The Mother (2004)
The Mother Photos
as Au Pair
as Polish Cleaner
as Man In Tate Gallery
as Estate Agent
as Estate Agent
Critic Reviews for The Mother
Quite apart from her unclad courage in the sex scenes, 62-year-old Anne Reid conveys the dilemmas of her age and her hesitant path to liberation with extraordinary and moving subtlety.
A troubling film about the need to be wanted.
There is in The Mother a rich understanding of where old age takes you. Along with the myth that seniors don't have sex drives, the film dispels a larger one: that the years bring wisdom.
It challenges you to figure out how you feel about the people on the screen -- emotionally, intellectually, morally.
Audience Reviews for The Mother
I'm happy if I never have to see this again. It's not the older woman/younger man set up, it's not the elderly nudity. No, what bothers me is that a mother could do that to her own daughter. Not to mention how Darren treated the poor old woman. I could feel her pain and fear of becoming yet another "invisible old lady whose life is more or less over", but the way she went about fixing it just wasn't right.
a controversial film that is more than the sum of its theme. I often felt like I was outside of this film, looking in; and I believe that sense of alienation was by design. It does an expert view of showing a woman, May, who had never really questioned her wifely duties (although, apparently didn't do that great a job of raising her daughter, who claimed she was never given the love and support she needed). When May and her husband arrive in London to visit their children, it seems like the world is going on around them and they can only watch. When the husband dies, May refuses to live in the family home, so comes to London to live with her children. She begins to feel the freedom and the breathtaking concept that she can now do what she wants, when she wants - and ends up taking a lover with none other than James Bond (Daniel Craig), who is a carpenter working on her son's flat. The sex scenes come across very real and poignant, especially May's confession that she felt that she might never be touched again. The tension comes from the fact that Craig is May's daughter's lover. The daughter is a needful thing, always turning the conversation towards herself (even while saying to May, "enough about you, what about me" - yikes!) - and their struggle over Craig fills the remainder of the film (all done in subterfuge and typical Brittish upper lip). When all the plot devices collide and May is forced (though it appears to be her choice) to return to the family digs - she walks through her son's house, much as she entered it - with their lives going on around and without her. Undeterred, she is home just long enough to pack her bags so she can take a cruise; thus getting on with her life and continuing to "become", rather than waiting to die.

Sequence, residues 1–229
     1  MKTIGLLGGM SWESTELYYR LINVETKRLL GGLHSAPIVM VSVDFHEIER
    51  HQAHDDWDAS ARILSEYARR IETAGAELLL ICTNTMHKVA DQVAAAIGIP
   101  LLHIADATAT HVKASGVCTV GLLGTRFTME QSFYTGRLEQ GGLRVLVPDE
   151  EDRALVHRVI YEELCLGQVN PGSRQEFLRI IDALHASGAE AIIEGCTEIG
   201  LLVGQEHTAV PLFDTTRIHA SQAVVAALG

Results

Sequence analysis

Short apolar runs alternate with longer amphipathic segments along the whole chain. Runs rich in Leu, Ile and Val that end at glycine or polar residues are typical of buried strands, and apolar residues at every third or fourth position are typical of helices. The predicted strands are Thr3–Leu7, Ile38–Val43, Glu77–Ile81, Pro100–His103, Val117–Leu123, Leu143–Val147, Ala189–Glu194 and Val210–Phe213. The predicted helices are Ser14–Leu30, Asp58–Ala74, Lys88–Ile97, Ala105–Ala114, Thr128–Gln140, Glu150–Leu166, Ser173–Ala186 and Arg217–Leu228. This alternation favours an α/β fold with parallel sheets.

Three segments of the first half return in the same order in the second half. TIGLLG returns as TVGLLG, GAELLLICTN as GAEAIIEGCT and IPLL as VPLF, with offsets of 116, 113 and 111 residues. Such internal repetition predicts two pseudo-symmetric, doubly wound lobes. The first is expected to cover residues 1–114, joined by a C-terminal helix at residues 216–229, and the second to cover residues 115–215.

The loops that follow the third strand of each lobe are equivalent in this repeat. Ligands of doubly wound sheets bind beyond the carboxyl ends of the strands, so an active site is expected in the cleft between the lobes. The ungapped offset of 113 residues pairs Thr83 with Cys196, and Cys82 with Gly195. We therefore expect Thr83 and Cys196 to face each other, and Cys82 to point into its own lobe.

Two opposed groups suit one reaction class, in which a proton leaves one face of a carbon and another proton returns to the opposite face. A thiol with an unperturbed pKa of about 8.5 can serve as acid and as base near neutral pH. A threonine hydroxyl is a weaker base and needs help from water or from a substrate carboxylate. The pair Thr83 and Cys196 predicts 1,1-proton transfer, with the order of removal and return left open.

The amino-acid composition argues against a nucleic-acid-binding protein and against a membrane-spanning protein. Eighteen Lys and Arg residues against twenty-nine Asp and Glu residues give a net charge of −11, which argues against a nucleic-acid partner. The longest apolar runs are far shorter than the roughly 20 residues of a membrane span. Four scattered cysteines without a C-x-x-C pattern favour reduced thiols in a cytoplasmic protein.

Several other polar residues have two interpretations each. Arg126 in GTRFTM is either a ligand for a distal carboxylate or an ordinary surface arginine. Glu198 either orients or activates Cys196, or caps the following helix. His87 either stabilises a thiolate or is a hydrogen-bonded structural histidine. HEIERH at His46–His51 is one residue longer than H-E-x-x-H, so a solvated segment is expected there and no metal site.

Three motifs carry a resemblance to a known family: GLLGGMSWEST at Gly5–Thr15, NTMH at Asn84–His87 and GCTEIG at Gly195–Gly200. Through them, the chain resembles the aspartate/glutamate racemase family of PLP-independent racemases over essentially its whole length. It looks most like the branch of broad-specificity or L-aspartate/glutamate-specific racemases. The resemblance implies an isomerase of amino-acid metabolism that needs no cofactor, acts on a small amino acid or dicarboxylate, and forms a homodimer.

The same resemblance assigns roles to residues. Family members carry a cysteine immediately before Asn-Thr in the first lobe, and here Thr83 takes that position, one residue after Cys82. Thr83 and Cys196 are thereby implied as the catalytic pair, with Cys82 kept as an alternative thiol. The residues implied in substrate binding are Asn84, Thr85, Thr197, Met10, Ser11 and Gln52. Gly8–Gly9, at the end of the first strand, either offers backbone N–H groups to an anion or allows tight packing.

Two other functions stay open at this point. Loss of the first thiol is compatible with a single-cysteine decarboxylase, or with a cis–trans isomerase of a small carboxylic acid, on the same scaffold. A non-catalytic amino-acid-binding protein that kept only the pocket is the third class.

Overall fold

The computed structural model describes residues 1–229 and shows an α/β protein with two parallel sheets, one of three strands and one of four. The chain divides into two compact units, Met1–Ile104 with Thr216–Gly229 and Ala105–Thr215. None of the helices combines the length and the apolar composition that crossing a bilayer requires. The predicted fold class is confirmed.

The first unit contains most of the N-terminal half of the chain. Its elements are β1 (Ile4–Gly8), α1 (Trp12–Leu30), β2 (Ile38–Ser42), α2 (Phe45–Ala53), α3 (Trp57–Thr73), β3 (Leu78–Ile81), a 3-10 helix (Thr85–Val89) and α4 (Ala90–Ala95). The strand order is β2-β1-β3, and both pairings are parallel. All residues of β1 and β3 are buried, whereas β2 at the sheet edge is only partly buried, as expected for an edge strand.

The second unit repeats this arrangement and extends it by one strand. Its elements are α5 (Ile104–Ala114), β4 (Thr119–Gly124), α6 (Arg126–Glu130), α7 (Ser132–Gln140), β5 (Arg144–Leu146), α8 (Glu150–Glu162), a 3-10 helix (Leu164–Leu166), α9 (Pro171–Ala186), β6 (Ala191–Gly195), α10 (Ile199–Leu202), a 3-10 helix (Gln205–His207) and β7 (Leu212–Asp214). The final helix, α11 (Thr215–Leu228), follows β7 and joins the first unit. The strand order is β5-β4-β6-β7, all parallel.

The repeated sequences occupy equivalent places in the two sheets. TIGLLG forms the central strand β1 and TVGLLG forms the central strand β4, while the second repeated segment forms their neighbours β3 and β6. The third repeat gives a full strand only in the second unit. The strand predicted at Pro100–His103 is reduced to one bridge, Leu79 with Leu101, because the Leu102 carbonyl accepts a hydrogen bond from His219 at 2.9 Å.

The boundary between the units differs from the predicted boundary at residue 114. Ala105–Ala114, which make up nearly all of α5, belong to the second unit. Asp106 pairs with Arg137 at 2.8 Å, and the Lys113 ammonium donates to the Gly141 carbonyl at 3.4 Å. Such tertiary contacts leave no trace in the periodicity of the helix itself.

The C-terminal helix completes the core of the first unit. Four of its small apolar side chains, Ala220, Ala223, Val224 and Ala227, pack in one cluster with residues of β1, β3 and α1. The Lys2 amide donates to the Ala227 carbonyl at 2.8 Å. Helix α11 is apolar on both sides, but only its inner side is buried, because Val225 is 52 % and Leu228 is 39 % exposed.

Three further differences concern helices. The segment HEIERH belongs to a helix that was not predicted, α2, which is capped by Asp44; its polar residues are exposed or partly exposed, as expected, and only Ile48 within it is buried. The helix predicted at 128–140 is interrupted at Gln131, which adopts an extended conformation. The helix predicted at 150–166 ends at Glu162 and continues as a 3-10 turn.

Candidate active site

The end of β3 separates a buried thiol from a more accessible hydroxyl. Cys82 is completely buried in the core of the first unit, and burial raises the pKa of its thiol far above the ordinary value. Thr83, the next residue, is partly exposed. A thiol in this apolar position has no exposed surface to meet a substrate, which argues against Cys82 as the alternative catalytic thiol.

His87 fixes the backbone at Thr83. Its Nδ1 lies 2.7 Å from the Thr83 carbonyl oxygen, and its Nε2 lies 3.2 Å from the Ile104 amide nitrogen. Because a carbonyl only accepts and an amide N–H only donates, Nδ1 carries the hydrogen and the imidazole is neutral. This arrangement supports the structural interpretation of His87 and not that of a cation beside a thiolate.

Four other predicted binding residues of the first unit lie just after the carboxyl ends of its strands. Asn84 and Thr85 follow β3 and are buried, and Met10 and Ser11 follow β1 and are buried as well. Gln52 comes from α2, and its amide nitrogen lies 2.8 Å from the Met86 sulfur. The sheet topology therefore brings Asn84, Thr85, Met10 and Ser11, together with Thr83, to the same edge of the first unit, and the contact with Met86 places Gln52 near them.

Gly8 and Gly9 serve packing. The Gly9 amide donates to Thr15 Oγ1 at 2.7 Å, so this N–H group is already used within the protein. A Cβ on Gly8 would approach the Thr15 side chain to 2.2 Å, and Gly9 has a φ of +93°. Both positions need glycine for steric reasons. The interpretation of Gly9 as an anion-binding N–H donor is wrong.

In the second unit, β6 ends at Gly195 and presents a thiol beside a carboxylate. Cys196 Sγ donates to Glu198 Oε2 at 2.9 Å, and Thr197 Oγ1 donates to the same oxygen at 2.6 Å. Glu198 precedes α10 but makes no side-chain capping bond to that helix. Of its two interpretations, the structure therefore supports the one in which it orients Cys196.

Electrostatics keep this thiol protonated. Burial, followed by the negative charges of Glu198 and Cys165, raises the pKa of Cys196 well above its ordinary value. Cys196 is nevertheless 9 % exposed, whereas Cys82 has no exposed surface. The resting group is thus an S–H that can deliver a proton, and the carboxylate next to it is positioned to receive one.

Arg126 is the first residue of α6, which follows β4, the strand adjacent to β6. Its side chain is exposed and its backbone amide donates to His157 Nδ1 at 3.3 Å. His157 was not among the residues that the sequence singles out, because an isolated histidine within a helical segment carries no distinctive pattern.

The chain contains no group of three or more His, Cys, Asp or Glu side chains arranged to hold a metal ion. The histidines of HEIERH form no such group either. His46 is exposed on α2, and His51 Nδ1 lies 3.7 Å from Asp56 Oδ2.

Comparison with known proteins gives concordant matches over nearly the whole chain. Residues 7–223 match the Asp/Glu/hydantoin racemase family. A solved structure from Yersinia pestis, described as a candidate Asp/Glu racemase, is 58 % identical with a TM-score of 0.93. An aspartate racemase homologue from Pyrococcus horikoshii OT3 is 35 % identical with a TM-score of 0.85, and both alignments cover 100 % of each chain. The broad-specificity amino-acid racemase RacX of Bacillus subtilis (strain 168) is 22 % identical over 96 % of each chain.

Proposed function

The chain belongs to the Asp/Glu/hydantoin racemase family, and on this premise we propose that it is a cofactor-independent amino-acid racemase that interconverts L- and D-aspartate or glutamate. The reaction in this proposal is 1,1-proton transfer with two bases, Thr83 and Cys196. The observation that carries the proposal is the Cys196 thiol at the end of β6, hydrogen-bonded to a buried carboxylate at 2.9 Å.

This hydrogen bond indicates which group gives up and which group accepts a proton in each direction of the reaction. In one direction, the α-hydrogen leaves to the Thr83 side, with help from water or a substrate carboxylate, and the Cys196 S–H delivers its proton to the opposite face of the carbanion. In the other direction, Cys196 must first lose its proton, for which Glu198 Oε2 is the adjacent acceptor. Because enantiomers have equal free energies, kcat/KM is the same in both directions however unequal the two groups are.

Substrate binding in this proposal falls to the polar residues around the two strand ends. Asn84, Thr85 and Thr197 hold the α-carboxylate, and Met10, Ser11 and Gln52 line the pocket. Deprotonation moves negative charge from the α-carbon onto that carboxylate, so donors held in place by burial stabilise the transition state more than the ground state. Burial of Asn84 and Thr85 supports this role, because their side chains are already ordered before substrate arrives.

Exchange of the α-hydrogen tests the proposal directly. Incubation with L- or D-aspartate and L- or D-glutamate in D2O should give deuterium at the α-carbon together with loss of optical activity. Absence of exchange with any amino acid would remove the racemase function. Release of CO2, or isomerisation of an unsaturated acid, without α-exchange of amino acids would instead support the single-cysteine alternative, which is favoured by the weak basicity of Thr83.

Soap-style British chick-flick that's pleasant enough background viewing until the graphic Daniel Craig on grandmother sex scene...
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